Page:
Klinefelter Syndrome, Autism, & the Female Protective Effect?
I spoke with an individual a few days ago who had Klinefelter Syndrome (KS). For those who aren’t familiar, KS is one of the most common intersex conditions in which a “genetic male” inherits at least one extra copy of the X chromosome. Rare variants involve additional X copies, which tend to result in more severe symptomology; meanwhile, mosaicism, in which only some cells of the body carry an extra X, can also occur resulting in milder, sometimes even undetected, symptoms. According to Orphanet, approximately 6-9 cases are diagnosed for every 10,000 births. That means that for every 1,000 boys born, 1 or 2 will have KS.
Symptoms in KS are represented well by the following illustration:
As you can see, males with KS often have a feminized appearance, although there’s a range in severity which can be likened to a spectrum. Similar to the Castrati who were once castrated in order to preserve their singing voices before the 19th century, those with KS tend to be tall. They also often experience gynaecomastia, or breast development, and most have small testes and are infertile.
Interestingly, there are some scientists who have postulated that the boy pharaoh, Tutankhamun, had an intersex condition similar to KS, noting pronounced female-like hip formation and small shoulder width. Though it was originally believed that his father, Akhenaten, exhibited similar effeminate characteristics based on statues, it is now known that Akhenaten’s skeleton showed no signs of feminization .
A statue of Akhenaten.
Of relevance to readers here, those with KS may also have a higher risk for autism . One study by Ross et al. (2012) estimated that approximately 12% of boys with KS met autism cutoff according to the Social Communication Questionnaire. Other neurodevelopmental issues, such as developmental delay and learning disabilities, are also very common.
There are many rare genetic conditions that share significant association with autism. Probably several hundred at least. Yet why is KS in particular so interesting? One reason is that, given the hormonal involvement, it may be a good condition in which to study the Female Protective Effect in autism, which I wrote of last spring.
To go back to the conversation I had with the individual with KS a few days ago: as I mentioned, some individuals become more feminized than others with the condition. This particular individual had low testosterone, almost around the levels of a woman with polycystic ovarian syndrome, and higher estrogen levels, close to normal for a woman. Though this individual was born with male genitalia and experienced a significantly delayed pubescence (age 18), she nevertheless has gone through pubertal changes more akin to that of a female. Accordingly, she has adopted the role of a female as well.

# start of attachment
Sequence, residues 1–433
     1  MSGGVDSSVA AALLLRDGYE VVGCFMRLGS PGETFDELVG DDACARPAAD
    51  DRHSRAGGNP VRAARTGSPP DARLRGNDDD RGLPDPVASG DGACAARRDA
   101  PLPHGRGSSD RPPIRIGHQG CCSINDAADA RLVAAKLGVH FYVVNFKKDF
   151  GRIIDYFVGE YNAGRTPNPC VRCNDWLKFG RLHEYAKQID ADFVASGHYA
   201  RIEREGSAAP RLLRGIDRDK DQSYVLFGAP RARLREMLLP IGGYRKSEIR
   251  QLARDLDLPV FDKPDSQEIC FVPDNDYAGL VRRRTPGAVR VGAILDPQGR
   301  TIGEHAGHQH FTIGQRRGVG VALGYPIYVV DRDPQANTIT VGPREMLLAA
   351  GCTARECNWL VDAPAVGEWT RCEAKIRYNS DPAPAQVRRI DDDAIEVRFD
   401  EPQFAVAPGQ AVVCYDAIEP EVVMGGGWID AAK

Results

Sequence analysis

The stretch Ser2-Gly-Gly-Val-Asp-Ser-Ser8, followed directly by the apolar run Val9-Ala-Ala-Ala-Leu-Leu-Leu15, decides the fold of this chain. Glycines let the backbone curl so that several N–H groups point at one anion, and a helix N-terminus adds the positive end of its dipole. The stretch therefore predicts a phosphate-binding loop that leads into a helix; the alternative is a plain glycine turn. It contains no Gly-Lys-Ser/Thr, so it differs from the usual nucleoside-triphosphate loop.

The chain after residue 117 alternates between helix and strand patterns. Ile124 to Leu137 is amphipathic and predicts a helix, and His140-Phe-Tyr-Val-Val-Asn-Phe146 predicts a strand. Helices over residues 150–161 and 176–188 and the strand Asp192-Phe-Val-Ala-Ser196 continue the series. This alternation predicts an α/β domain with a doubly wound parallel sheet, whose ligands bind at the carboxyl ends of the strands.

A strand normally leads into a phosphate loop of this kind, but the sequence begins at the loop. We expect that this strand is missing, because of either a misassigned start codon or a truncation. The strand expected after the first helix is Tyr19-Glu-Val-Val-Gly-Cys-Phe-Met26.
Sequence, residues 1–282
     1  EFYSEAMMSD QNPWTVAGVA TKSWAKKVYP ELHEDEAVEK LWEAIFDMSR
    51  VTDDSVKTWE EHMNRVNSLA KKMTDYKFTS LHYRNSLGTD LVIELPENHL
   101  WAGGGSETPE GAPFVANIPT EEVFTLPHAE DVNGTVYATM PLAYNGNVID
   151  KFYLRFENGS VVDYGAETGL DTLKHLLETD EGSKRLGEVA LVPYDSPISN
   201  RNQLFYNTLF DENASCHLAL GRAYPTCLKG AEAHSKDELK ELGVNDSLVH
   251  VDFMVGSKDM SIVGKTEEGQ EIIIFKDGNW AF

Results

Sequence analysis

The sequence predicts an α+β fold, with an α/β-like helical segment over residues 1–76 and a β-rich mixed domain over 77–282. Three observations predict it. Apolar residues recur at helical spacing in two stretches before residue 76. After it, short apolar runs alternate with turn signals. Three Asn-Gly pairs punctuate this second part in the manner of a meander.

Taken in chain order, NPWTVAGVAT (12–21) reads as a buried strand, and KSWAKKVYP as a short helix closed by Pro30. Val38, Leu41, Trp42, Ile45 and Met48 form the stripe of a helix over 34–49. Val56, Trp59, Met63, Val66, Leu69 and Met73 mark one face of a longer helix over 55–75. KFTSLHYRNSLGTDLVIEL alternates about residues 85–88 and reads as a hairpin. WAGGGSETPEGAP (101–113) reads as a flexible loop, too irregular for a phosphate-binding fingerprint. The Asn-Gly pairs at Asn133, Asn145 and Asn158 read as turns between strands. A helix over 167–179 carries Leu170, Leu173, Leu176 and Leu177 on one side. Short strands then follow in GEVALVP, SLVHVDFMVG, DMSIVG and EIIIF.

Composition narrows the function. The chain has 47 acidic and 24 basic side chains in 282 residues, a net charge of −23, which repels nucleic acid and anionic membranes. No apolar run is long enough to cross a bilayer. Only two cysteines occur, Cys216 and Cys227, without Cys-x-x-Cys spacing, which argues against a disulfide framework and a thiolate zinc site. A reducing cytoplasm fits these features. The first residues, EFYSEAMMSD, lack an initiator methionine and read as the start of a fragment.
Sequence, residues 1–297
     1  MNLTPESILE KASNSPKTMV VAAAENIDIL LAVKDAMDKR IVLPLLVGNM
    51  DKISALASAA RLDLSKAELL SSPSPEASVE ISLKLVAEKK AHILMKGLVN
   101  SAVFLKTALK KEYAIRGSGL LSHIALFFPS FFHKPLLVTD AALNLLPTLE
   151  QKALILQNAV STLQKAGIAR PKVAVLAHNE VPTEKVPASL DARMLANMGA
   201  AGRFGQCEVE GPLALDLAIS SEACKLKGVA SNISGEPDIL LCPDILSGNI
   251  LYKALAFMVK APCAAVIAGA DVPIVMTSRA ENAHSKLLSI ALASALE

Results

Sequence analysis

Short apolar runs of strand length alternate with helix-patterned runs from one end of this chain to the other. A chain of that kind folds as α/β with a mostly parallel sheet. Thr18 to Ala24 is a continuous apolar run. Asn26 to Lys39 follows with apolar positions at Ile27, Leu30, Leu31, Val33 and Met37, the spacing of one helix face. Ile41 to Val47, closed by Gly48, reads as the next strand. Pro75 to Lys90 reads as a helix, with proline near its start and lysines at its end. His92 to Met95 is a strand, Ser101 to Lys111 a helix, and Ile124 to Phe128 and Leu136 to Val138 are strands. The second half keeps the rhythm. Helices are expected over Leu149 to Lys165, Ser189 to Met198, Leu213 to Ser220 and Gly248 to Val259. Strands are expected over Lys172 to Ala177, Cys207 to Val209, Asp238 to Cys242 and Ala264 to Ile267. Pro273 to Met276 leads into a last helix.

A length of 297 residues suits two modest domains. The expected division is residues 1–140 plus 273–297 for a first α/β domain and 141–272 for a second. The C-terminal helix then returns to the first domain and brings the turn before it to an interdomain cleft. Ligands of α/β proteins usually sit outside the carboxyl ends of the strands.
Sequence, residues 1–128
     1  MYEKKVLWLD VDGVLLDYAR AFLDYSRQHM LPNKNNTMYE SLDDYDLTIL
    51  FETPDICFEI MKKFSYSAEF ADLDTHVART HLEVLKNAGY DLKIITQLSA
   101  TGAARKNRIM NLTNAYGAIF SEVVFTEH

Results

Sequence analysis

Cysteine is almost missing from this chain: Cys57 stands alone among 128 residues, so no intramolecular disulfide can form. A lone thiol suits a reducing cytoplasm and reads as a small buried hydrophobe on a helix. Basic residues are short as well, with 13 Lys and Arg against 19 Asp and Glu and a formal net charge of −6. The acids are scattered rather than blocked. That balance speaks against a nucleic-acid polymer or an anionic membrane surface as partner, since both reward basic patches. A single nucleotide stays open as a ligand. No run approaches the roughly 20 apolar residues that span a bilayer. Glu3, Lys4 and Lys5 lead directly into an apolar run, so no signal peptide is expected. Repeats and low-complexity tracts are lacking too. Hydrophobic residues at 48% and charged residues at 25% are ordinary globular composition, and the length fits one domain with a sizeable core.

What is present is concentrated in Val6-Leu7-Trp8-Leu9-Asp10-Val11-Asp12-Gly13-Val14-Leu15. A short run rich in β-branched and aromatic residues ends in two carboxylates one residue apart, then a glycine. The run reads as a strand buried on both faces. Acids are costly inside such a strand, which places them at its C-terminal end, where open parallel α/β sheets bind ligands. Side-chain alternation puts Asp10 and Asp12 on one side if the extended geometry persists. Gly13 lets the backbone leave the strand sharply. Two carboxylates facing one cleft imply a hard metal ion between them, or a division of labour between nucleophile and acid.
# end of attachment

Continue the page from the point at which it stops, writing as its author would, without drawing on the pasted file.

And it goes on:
One of the most interesting things she told me however was that, prior to puberty she had been diagnosed with autism, which included a significant language delay. According to her account, once she hit puberty, her symptoms dramatically improved and she no longer met criteria for the diagnosis. At present she still has a diagnosis of ADHD and mild learning disability, but no longer carries the autism label.
While this is only a single anecdotal case, nevertheless it sparked my curiosity. Did this individual, due to the high levels of estrogen her body began producing at pubescence, experience a modestly reversible female protective effect of her autistic traits? Is there something about estrogen and the accompanying female hormonal cocktail that protects the plastic brain from certain symptoms of autism, even reversing them at particular stages of development?
If this is something that occurs in a subset of these patients (perhaps the minority with breast development?) perhaps we can study neurodevelopment in pre- and post-pubescent KS males. Perhaps we could even develop animal models to mimic the effects so that we can delve deeper into the biology in order to better understand the gender bias.
I’d just like to reiterate that this was only a single anecdotal case, and this hypothesis could ultimately be unfounded. But it’s certainly some fascinating food for thought and worthy of further study.
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